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The Hamsters Diet

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Most of the ailments associated with hamsters in captivity today can be attributed to the ignorance of modern day man, and our modern way of living. Almost 90% of the ailments of hamsters in captivity are directly or indirectly linked to the diet and the hamsters eating habits. Hamsters will eat or have a go at almost any food that is offered to them. They cannot decide for themselves what is bad or what is good for them, and care must be exercised when it comes to feeding your pet. Their diet is a major contributing factor in their dispositions and a correct diet is crucial for his health and well being.

In the wild: The Syrian hamster’s natural habitat is in the dry hot desert borders of Syria. Syria borders Turkey to the north, Iraq to the east, Jordan and Israel to the south. The terrain is mostly desert and home to many drought resistant plants. There is little wildlife and very little vegetation. The bulk of their diet is dry grasses seed and plant material. The country is mountainous in the south east and south west but otherwise largely flat. Syria is considered one of the most limited water resource countries.

Hamsters eat a diet of high fibre low fat foods so we should try to replicate that in captivity. Nearly all rodents feed on plant material seeds in particular. A pet hamster's diet consists mainly of grains and seeds, although a small amount of vegetable fibre can be added occasionally. Hamsters in captivity today are still descendents of their wild counterparts, and their instincts remain exactly the same, as do their nutritional requirements. Although their exact nutritional requirements are still not quite fully understood, we must try and emulate that of their ancestors from what we already know by maintaining a well-balanced diet.

When feeding hamsters keeping their food as natural as possible will increase your pet hamster’s chance of leading a long healthy and trouble free life. Feeding hamsters food that has been processed for human consumption is an absolute no-no! Also bear in mind that processed food contains additives, and processing also reduces the nutritional value of the food. Preservatives are added or created during the processing that can have adverse health effects on your hamster. Food processing is used mainly to produce attractive and marketable food products in which to give it a longer shelf life supermarket shelves; this is done by adding salts, sugars, colouring, and preserving agents in higher than safe or recommends quantities.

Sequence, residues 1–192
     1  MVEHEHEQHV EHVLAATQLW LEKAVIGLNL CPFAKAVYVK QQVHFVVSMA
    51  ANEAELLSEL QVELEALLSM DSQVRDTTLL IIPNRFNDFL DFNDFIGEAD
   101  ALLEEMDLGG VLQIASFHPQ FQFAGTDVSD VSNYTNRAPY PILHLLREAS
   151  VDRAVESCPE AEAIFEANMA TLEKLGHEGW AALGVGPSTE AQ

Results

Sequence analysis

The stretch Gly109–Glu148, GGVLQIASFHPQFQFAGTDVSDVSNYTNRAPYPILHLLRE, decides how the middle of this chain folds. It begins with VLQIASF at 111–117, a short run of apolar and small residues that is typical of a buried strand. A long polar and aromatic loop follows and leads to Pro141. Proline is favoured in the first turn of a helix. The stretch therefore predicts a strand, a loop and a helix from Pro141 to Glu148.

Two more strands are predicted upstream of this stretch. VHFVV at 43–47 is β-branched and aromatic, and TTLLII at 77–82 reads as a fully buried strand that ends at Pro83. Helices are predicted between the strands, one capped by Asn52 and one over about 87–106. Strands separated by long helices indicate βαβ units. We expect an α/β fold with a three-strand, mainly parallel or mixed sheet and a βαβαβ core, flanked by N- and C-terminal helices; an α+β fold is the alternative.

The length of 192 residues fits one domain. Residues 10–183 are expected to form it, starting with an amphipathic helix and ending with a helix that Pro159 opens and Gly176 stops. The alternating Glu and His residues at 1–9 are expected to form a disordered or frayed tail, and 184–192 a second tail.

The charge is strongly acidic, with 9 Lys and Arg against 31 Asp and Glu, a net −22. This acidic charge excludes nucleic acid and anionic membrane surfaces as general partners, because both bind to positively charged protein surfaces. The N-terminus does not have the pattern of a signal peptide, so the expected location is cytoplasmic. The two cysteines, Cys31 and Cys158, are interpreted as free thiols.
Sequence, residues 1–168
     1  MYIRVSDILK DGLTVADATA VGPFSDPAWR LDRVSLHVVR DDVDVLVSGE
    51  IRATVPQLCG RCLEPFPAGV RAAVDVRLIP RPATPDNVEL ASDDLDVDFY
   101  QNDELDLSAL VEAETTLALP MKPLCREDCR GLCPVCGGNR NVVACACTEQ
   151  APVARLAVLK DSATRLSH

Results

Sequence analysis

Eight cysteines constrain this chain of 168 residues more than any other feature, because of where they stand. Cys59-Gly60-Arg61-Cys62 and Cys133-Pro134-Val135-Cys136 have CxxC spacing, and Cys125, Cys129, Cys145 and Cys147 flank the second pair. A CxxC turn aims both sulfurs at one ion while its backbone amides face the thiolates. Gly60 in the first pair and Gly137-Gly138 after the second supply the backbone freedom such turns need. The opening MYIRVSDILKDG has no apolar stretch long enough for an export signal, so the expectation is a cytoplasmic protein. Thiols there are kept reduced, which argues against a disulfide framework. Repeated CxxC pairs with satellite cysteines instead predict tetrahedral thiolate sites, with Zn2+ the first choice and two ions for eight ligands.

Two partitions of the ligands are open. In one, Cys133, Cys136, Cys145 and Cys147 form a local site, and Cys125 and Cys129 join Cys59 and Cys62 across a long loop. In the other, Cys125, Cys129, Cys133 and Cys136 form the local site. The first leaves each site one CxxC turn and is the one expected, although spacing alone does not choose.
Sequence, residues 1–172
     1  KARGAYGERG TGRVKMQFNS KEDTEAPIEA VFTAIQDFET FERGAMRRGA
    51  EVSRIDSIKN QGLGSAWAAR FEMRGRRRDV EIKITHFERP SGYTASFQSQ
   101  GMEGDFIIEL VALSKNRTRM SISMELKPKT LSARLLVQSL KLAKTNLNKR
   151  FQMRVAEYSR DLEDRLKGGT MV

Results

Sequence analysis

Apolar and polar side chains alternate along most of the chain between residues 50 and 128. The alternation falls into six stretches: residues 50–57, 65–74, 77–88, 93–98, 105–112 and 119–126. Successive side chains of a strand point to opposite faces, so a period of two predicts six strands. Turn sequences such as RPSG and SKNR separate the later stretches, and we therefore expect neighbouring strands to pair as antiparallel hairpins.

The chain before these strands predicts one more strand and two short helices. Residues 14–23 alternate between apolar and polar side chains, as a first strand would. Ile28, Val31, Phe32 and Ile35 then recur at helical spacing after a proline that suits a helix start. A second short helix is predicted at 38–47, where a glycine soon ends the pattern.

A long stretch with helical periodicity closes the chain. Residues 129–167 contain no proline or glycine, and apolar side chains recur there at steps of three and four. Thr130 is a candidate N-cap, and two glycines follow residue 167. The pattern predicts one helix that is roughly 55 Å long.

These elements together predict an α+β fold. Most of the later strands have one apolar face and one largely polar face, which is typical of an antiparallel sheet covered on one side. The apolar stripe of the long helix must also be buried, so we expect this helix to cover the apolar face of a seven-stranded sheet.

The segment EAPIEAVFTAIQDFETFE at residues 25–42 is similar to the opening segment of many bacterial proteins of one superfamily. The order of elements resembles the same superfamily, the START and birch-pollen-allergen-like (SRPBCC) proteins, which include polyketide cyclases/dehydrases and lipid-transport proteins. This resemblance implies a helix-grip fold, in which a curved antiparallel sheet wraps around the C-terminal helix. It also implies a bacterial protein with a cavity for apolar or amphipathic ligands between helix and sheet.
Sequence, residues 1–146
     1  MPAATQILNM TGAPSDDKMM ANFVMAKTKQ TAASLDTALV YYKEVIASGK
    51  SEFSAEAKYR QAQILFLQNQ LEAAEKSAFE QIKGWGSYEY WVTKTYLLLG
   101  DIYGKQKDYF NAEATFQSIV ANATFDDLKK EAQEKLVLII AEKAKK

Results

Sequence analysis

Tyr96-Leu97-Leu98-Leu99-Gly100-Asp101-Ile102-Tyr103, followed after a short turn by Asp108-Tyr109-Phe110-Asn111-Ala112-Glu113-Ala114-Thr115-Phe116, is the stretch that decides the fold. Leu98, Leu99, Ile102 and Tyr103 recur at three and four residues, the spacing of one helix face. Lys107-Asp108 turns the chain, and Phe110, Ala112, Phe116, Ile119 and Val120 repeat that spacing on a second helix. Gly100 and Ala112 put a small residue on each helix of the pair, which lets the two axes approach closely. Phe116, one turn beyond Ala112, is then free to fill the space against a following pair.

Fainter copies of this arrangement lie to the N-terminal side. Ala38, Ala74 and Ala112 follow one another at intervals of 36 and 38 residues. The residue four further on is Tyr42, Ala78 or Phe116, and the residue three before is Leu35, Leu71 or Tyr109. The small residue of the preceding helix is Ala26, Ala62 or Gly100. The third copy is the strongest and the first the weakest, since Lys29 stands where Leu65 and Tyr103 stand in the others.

Carbohydrates, proteins, and fats are called the “Macro nutrients” all of these nutrients are necessary for life. Carbohydrates are needed to fuel the body and protein to keep the muscles and glands healthy. Fats are for hormone production and a healthy nervous system. Nuts seeds and low starch vegetables are usually the best sources of healthy fats since low starch vegetables are primarily alkaline thus supporting the liver, the main primary organ for cleaning the blood.

An adult hamster can eat around 10 - 12g per day. Most of the nutrients and vitamins that are needed for his well being are to be found in a good balanced diet, with a selected and varied addition of "fresh" human food to help keep your pet interested.
There are many types of hamster food mixes available on the market and a good quality one should be considered. The complete hamster food mix in good brand names like "Harry Hamster:" as this is a well-balanced full diet suitable for hamsters of all ages. The natural prebiotics in Harry Hamster promote healthy intestinal functions, eliminates harmful bacteria and thus supports the composition and development of a healthy intestinal flora. Harry Hamster is the only hamster food approved by the 'National Hamster Council'

Typical ingredients of a dried hamster food mix is corn, maize, dried peas, peanuts, sunflower seeds, locust beans, wheat seed, barley, alfalfa, dried fruit. A commercially prepared hamster food mix is usually accepted better and this is a good base for the diet.
A hamster food mix can be supplemented with a limited and selected addition of human food that hamsters are able to eat, such as cheese, cereals, selected fresh vegetables, boiled egg, wheat biscuits, corn-on-the-cob, unsweetened yogurt, nuts, wholemeal biscuits, unsweetened breakfast cereal, (cornflakes etc).
Hamsters will eat almost any cereal grain or plant material. Making your own hamster mix is not recommended as it is unlikely that you will provide the complete and balanced diet with all the nutrients that your hamster needs in the correct proportions. When it comes to feeding your hamster keeping his diet as natural as possible will increase his chance of leading a long and healthy life.



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